Based on a significant drop in home runs, Selter estimates that home plate must have been moved back 21 feet in 1923, which would raise the distances down both foul lines by 15 feet. (Lacking any newspaper accounts or photographs, however, I have refrained from making any diagrams for the decade of the 1920s.) In 1925, the upper deck of the grandstand was extended to both corners, and the roof in this section was at least ten feet higher than the original portion of the grandstand. At the same time, permanent double-decked bleachers were built all the way along the left field wall. The roof over that bleacher section was more than 20 feet lower than the adjoining grandstand roof. Interestingly, the extended portions of the upper deck were parallel to the foul line, not the lower deck, and then they bent inward at a 45 degree angle, forming a partial octagon. This was a distinctive architectural feature of Shibe Park, later emulated at Citizens Bank Park. A substantial amount of foul territory was actually covered by the upper deck near the corners, and a tiny amount of fair territory in the left field corner was covered. From 1926 through 1929 the distances to the corners were reduced to 312 feet (left field) and 307 feet (right field), as home plate was apparently moved about 65 feet (!) forward, creating a backstop distance of over 120 feet! There was a "return to normalcy" (dimension-wise) in 1930, as home plate was moved back about 32 feet, after which the outfield dimensions remained quite stable. (???) It is not certain why the "400" and "405" distance markers were placed so close to center field, rather than in the power alleys, other than to make way for advertising signs and the scoreboard.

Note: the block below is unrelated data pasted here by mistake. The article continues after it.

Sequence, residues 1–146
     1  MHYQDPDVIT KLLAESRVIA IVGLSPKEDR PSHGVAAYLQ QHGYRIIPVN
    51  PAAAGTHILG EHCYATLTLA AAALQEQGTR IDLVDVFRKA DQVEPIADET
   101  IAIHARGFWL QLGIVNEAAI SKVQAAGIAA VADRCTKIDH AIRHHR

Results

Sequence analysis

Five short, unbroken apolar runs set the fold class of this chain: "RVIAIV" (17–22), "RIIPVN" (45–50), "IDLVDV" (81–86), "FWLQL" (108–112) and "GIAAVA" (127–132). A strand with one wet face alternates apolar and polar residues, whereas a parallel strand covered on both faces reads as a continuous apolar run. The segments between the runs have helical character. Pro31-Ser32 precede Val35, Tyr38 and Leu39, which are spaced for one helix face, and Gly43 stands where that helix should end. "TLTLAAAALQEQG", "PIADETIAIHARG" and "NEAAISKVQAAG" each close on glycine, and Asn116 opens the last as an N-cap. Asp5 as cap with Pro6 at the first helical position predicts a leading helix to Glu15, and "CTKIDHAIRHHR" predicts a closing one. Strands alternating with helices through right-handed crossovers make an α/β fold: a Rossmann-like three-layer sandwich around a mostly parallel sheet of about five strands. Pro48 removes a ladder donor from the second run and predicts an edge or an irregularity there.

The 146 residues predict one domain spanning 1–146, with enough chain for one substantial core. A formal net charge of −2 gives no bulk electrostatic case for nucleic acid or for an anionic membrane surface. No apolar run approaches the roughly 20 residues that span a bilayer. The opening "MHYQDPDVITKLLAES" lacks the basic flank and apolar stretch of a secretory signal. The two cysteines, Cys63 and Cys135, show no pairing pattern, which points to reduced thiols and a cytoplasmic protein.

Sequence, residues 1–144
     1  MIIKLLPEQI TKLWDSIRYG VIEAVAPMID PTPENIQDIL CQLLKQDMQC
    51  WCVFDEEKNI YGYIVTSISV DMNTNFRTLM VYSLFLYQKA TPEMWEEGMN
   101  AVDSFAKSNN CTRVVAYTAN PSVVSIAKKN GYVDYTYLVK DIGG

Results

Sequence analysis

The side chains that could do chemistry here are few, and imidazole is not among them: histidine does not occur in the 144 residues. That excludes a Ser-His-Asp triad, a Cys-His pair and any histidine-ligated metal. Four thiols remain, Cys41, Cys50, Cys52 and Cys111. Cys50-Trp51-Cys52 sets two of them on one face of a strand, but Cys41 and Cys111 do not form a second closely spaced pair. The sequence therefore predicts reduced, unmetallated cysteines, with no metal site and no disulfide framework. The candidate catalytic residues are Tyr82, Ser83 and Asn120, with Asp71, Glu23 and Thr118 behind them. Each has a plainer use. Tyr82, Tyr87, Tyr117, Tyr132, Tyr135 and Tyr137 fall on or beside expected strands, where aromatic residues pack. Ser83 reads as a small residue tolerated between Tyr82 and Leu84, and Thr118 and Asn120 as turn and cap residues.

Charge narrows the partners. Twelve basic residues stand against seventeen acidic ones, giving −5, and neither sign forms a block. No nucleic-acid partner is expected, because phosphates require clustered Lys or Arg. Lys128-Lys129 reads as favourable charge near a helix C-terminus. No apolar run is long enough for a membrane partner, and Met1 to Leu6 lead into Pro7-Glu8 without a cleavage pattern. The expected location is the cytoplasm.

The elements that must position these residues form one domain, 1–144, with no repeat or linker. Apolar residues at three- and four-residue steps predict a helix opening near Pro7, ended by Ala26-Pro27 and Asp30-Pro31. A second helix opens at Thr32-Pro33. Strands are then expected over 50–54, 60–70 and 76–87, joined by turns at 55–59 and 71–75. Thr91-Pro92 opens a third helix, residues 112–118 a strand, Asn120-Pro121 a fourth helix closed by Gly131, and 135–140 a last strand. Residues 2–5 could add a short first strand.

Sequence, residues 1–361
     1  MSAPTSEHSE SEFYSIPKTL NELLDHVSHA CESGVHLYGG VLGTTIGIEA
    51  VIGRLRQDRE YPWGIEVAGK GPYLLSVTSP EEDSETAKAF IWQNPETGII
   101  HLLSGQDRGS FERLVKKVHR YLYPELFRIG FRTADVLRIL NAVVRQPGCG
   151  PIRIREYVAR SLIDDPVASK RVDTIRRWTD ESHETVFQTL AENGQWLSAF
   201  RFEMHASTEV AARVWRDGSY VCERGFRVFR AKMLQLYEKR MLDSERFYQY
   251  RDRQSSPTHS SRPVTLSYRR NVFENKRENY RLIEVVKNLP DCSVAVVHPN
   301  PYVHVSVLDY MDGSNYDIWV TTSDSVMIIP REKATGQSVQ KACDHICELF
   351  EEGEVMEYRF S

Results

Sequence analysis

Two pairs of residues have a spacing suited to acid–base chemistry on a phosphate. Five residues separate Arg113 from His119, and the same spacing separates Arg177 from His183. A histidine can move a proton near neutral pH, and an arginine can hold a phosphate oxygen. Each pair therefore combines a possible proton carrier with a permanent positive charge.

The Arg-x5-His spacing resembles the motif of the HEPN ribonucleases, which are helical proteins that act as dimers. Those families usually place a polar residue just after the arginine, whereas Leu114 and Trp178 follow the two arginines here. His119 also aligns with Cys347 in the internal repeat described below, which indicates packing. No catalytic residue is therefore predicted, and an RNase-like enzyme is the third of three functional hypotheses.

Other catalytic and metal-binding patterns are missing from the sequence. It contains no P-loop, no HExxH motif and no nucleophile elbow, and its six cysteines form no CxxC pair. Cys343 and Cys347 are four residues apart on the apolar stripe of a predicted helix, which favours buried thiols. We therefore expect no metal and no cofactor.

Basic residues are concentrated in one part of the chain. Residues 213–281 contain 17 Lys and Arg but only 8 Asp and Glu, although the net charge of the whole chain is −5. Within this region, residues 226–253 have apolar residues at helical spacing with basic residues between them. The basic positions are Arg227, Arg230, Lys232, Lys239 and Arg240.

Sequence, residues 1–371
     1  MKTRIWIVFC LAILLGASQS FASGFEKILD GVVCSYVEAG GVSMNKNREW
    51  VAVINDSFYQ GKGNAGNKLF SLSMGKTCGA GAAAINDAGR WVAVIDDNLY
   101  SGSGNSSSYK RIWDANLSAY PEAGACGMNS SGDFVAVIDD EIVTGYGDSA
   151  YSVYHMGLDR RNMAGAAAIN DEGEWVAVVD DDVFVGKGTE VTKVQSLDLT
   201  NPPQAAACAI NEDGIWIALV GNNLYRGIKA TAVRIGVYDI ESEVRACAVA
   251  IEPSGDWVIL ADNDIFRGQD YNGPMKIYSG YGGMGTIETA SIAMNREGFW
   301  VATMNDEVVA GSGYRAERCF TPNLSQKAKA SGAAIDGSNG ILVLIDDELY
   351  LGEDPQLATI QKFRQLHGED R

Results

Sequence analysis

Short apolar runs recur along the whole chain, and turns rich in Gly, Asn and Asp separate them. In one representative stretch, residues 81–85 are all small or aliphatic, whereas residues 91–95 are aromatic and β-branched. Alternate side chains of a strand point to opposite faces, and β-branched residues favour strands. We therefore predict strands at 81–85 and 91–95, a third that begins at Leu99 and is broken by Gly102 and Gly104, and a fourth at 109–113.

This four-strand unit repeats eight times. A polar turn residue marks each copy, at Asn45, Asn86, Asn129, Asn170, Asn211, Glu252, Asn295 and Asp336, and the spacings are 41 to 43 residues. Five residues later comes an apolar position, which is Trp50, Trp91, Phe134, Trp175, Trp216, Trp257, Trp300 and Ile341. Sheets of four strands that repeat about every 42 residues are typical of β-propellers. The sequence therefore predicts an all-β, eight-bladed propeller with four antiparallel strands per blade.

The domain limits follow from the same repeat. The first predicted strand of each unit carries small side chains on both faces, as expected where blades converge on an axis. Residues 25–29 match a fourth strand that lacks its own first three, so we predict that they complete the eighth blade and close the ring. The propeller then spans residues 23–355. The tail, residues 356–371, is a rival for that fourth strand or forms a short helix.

In 1929, press boxes and elite seating were installed above the upper deck, as the original roof was raised slightly above the roof on the extended portion of the grandstand. Also, a tiny "mezzanine" level was squeezed in above and behind the lower deck, but fans sitting there couldn't see fly balls, so it was more or less abandoned. In 1935 the Athletics built a huge corrugated metal wall in right field to stop freeloading neighbors from watching games for free. This was during the Depression, and the team needed all the revenue it could get. With the addition of lights for night games in 1939 came two large protrusions in the right field wall, where the light towers stood. In 1949, the lower deck of the grandstand beyond the infield was rebuilt on both sides so that the rows of seats toward the farthest ends faced toward the diamond rather than toward center field. This was just like they did at Wrigley Field at about the same time. The amount of "covered" foul territory shrank after this alteration, and the bullpens were moved to the narrow "alleys" between the foul line and the grandstand. There was a proposal to add bleachers in right field during the late 1940s, but nothing came of this plan.